DVD Review: Toast Of London Series One (UK, 2015)

toast of london s1

If you didn’t manage to catch British comedy series Toast of London when it first aired on the ABC, you best drop everything you’re doing right now and take a trip to your local shopping centre to grab series one on DVD. Written by Matt Berry and Arthur Mathews, the show centres around Steven Toast, a down on his luck middle-aged actor looking to break the big time in London. It is absurd and downright silly, and though it may not be to everyone’s taste it is definitely worth a watch.

At the very least, the talent behind this show should immediately grab your attention. Comedy fans will know Matthews as a writer for both Father Ted and Black Books, whilst Berry has starred in cult shows such as Garth Marenghi’s Darkplace and The Mighty Boosh, as well as playing the role of Douglas Reynholm in The IT Crowd. If you’re a fan of Downton Abbey, you will also recognise Robert Bathurst who plays Toast’s perverted housemate and retired actor Ed Howser-Black.

The series largely revolves around the romantic exploits of Toast, such as dating a closet hoarder/fan of throwing shopping trolleys in the London canals, and sleeping with the wife (Tracey Ann-Oberman) of his longtime acting rival Ray Purchase (Harry Peacock). Occasionally his hapless agent Jane Plough (Doon Mackichan) gets him voiceover work with recording studio hipsters Danny Bear (Tim Downie) and Clem Fandango (Shazad Latif), that is, when his not already busy starring in the most offensive play in the history of London theatre.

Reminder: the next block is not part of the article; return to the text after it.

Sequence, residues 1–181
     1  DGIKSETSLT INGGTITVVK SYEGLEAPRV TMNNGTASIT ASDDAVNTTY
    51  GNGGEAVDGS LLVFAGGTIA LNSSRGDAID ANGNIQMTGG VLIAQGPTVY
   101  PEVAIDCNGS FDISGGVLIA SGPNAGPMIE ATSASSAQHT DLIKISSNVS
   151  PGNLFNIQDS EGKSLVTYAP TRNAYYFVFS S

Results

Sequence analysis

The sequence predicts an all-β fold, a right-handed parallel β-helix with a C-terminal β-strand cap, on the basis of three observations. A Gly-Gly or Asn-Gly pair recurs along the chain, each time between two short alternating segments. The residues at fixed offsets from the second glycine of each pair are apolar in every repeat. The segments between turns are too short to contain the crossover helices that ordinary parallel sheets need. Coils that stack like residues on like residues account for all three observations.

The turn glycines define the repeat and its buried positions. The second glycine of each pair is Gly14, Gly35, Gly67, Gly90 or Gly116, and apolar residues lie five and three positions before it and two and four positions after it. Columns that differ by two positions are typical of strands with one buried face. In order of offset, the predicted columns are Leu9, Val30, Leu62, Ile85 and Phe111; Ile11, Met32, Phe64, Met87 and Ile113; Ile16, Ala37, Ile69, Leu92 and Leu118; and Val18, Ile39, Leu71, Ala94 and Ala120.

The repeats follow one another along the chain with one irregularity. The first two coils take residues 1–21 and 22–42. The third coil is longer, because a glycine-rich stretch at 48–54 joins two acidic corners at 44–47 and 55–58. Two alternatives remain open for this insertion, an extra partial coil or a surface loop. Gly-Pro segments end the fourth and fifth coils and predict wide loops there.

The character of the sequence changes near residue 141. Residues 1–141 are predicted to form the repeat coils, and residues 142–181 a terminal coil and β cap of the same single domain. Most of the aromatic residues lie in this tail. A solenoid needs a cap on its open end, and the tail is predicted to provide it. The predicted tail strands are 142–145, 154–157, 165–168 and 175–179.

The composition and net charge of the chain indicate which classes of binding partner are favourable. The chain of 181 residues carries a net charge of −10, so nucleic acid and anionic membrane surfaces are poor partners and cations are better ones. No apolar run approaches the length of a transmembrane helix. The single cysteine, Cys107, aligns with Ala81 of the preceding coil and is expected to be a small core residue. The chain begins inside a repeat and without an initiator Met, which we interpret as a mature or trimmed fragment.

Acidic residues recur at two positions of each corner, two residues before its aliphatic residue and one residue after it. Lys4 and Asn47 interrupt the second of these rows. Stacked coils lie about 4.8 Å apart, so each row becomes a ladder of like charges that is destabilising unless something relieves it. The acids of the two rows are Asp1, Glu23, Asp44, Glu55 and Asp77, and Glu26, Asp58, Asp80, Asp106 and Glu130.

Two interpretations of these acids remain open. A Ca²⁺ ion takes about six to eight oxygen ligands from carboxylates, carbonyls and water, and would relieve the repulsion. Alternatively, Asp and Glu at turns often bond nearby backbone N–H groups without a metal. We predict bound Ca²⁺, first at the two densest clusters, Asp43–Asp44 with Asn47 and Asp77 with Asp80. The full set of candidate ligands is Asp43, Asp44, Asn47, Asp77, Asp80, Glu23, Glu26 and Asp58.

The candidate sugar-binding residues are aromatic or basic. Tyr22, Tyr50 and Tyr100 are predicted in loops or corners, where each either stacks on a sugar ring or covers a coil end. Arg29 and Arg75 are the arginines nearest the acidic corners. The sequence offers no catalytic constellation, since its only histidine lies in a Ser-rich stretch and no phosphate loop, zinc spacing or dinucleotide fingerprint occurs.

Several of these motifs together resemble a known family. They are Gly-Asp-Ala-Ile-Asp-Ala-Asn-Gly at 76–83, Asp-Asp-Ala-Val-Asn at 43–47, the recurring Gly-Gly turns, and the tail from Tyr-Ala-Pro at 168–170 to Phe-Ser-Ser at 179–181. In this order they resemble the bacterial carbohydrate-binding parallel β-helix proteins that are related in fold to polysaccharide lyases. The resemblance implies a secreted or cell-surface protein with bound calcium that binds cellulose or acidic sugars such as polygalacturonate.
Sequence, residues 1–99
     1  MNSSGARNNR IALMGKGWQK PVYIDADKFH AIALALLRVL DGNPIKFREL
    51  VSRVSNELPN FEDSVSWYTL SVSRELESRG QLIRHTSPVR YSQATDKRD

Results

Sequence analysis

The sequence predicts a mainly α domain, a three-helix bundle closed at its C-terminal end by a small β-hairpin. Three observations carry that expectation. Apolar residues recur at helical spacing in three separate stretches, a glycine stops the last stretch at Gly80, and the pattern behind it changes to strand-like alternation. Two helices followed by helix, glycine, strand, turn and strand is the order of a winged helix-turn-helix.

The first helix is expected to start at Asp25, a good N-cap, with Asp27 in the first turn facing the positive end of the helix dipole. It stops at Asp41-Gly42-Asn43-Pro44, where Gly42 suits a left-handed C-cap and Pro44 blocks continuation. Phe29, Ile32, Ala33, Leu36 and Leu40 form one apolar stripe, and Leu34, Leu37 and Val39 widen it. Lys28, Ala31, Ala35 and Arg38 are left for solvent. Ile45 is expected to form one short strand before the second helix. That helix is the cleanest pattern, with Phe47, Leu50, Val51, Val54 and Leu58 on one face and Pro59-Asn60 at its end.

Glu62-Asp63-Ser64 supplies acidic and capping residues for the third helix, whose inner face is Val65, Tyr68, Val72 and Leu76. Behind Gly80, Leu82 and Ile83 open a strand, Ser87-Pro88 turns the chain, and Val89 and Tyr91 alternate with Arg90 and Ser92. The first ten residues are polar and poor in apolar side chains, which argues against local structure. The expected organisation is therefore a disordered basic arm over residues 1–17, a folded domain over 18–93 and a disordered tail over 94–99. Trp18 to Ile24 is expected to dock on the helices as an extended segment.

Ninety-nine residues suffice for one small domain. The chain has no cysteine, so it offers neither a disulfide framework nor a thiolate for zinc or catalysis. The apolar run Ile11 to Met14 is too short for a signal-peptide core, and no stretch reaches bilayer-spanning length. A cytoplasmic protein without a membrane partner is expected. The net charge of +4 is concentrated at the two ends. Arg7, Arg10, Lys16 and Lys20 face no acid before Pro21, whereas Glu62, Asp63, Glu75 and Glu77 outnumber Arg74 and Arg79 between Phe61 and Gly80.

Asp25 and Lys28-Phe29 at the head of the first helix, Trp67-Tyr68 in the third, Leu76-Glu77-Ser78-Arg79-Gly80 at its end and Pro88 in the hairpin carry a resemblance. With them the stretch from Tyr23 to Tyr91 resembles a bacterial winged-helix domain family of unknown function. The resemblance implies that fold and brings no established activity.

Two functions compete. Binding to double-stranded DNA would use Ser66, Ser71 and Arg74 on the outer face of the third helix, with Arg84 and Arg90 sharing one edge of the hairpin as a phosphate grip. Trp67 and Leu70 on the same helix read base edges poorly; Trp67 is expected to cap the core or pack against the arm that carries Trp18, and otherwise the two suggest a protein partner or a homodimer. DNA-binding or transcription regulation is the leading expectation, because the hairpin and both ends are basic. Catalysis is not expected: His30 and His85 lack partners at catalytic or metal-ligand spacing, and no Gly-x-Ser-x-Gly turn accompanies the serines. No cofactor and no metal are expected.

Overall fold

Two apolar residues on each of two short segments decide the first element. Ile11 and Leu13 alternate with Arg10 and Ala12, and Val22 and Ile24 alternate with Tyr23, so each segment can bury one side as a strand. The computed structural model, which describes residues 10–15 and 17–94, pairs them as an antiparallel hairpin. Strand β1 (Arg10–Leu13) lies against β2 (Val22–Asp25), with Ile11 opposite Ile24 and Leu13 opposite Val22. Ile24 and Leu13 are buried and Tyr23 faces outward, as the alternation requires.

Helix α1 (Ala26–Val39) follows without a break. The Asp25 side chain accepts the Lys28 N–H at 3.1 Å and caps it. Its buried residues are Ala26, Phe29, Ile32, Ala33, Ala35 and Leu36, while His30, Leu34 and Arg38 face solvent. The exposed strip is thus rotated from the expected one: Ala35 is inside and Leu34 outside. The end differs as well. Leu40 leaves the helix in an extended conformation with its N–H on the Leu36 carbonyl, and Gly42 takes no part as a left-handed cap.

If that synopsis sounds utterly bizarre to you, well that’s because it is. Toast of London is definitely in the same vein as Berry’s previous shows, so if you are a longtime fan of the comedy actor the show is essential viewing. If you happen to be one of the unfortunate few who have no idea who he is, the world of Steven Toast is a great introduction to his brand of offbeat comedy.

The only real negative about this show is that like other British comedies, it is criminally short, with only six episodes in the season. However, each of these episodes are instant classics, well worth repeat viewings. It’s hard to pick a highlight, as each episode is near brilliant, though if I had to pick a favourite it would be the final episode “Bonus Ball”. Guest starring Michael Ball, the episode is structured as a James Bond parody in which Toast goes on the run following a poker loss to an off-screen Andrew Lloyd-Webber.

Hilarious running gags include Toast’s unexplained vendetta against Michael Fassbender, revelations about some of the more bizarre early acting roles of Benedict Cumberbatch, and appearances by Toast’s brother Blair (Adrian Lukis), an army veteran who wears a stuffed kitchen glove in place of the hand he lost at war.

As stated earlier, Toast of London may not be for everyone, as it can be quite vulgar at times and it’s offbeat brand of humour is sure to leave some people scratching their heads. However, if you are a longtime fan of British comedy, and the work of Matt Berry and Arthur Mathews in particular, Toast of London is definitely something you have to see for yourself.

Running Time: 194 minutes

Special Features:

The DVD is chock-a-block with special features, including the pilot episode, which stars Fiona Mollison as Jane Plough. Toast of London also includes audio commentary for a number of the episodes, as well as a number of behind the scenes features and a short film about Michael Ball’s guest appearance.

Special Features Review Score: FOUR STARS (OUT OF FIVE)

Toast of London Series One is out now on DVD through ABC.


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